I got back into a pack and rode with it for a while, but found that they were not being consistent in speed – accelerating to 30+ mph out of the turns, causing very wide gaps to open up after every turn and making me work very hard to close the gap. Eventually my legs just couldn’t do it, and I saw a group from my team at a SAG stop so I pulled off to join them. At this point I was 42 miles into the ride and it was the fastest 40+ miles I’d ever ridden. I was sore and low on energy, but some nutrition gel, a banana and a refill on water and gatorade helped. We got back out and linked up with another group for another few laps.
Around mile 66 I was struggling. I had used up too much energy at the start of the ride, and abused my muscles. I was mad and frustrated at whomever was leading the pack and keeping such inconsistent paces (causing the gaps out of the turns). I found out later from one of my teammates that it was a rider who didn’t have a cycle computer and couldn’t keep his pace consistent and he kept surging ahead of everybody. That rider was told that if he did it again they’d let him go and wouldn’t chase, and the speeds became more consistent. Too late for me.
Some other riders I knew grouped with me and we took turns pulling around the track for a few laps, and we eventually joined another larger group. I did a number of laps on my own after another SAG stop forced me to drop off the group I had been riding with. I was finding it more and more difficult to join a larger group, as my legs were just not cooperating – it takes a lot of energy to catch up to the group as you have to go faster than them, without the benefit of a draft.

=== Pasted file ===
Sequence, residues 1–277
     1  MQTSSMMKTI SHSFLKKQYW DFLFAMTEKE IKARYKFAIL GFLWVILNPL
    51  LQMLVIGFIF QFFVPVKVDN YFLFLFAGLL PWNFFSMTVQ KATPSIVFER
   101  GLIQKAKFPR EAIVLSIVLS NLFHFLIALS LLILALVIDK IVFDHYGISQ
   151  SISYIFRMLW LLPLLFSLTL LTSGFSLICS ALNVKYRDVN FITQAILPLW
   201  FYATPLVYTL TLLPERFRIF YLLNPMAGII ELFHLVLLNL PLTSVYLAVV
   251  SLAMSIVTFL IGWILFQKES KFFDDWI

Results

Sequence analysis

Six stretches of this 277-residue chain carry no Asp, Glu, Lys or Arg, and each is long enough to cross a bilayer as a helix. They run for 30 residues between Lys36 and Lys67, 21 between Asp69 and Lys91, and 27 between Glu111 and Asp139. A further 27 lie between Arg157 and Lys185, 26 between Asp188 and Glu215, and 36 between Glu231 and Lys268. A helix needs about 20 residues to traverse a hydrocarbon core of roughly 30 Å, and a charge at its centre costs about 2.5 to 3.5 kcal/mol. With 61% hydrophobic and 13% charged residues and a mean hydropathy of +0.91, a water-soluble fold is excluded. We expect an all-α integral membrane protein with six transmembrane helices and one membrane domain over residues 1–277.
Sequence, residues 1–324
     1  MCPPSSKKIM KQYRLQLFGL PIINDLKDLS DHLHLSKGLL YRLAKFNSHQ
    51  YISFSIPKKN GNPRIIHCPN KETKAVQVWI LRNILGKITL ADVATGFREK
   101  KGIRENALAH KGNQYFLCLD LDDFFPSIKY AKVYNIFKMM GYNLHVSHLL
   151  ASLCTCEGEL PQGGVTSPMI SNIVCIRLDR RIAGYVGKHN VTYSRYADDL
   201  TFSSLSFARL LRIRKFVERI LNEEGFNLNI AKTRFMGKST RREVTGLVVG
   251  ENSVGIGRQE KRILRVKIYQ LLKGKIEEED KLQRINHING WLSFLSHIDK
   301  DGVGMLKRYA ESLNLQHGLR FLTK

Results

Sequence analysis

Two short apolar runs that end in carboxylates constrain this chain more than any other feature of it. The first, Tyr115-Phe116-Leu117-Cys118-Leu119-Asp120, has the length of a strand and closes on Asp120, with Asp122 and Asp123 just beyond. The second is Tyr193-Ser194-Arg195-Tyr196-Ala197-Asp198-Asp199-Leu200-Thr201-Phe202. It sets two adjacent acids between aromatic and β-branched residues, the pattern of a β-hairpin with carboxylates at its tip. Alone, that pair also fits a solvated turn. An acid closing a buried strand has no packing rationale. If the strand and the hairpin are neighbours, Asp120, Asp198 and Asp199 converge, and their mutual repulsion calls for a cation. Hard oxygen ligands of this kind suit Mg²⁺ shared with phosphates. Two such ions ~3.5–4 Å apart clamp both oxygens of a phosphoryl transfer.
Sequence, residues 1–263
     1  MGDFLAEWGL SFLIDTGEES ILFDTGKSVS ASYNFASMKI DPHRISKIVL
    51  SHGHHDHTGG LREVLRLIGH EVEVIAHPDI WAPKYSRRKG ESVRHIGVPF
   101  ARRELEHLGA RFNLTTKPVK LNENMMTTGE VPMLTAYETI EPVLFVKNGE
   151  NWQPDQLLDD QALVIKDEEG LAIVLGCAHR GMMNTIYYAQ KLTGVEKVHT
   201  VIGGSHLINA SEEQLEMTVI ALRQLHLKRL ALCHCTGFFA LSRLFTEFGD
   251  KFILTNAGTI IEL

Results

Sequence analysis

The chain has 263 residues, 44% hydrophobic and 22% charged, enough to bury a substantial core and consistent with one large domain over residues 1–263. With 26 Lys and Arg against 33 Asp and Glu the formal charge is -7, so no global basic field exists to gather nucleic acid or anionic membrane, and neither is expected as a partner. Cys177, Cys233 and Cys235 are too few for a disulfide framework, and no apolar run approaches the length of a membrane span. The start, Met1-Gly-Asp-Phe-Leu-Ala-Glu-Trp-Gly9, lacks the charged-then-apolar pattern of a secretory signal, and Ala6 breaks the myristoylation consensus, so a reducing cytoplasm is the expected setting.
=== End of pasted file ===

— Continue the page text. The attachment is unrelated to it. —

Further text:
Two laps left to go – my teammate insisted I needed a picture to commemorate completing my first Century.
With two laps to go I noticed one of my teammates stopped off the track near a SAG point, but far enough away that I thought maybe he was having bike trouble. I pulled off to see how he was doing and we chatted for a minute. I told him it was my first Century and he told me to give him my phone so he could take some pictures of me – that I couldn’t complete my first century without having pictures to show for it. I’m glad he did – at the time I didn’t realize how happy I’d be to have those pictures. He also gave me advice on nutrition for longer rides that I’ll be trying on my next few.